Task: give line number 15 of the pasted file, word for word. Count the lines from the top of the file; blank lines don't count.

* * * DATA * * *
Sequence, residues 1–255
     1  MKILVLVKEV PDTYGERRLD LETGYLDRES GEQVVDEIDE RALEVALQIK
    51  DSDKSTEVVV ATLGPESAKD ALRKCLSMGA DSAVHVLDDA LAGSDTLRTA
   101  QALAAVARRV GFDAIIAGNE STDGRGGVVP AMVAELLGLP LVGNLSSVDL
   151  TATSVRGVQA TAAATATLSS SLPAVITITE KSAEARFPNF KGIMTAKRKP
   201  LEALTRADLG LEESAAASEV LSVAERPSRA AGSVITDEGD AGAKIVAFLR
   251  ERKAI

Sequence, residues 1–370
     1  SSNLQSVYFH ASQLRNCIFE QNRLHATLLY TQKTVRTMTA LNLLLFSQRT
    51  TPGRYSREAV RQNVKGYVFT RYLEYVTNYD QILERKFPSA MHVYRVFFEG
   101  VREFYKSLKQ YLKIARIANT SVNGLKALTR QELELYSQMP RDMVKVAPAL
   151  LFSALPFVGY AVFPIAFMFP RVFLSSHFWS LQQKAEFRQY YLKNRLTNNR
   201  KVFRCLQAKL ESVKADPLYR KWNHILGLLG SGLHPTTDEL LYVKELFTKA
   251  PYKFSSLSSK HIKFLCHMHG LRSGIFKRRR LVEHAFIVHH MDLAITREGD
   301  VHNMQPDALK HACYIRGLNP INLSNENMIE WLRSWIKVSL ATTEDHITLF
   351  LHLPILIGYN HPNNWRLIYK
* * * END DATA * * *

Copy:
   301  VHNMQPDALK HACYIRGLNP INLSNENMIE WLRSWIKVSL ATTEDHITLF